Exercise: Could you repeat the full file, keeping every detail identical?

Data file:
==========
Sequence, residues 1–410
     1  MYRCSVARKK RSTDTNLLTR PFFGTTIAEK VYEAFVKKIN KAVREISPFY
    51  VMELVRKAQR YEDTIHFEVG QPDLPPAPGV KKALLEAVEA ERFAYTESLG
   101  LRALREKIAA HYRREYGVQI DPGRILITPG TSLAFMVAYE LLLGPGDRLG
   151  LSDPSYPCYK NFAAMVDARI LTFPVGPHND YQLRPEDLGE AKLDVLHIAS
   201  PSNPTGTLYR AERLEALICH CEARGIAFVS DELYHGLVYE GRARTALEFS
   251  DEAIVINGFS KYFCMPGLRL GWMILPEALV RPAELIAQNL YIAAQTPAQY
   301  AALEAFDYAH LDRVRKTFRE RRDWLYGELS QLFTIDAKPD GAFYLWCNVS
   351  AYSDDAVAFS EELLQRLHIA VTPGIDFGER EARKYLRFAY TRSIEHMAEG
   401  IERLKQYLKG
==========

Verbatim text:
Sequence, residues 1–410
     1  MYRCSVARKK RSTDTNLLTR PFFGTTIAEK VYEAFVKKIN KAVREISPFY
    51  VMELVRKAQR YEDTIHFEVG QPDLPPAPGV KKALLEAVEA ERFAYTESLG
   101  LRALREKIAA HYRREYGVQI DPGRILITPG TSLAFMVAYE LLLGPGDRLG
   151  LSDPSYPCYK NFAAMVDARI LTFPVGPHND YQLRPEDLGE AKLDVLHIAS
   201  PSNPTGTLYR AERLEALICH CEARGIAFVS DELYHGLVYE GRARTALEFS
   251  DEAIVINGFS KYFCMPGLRL GWMILPEALV RPAELIAQNL YIAAQTPAQY
   301  AALEAFDYAH LDRVRKTFRE RRDWLYGELS QLFTIDAKPD GAFYLWCNVS
   351  AYSDDAVAFS EELLQRLHIA VTPGIDFGER EARKYLRFAY TRSIEHMAEG
   401  IERLKQYLKG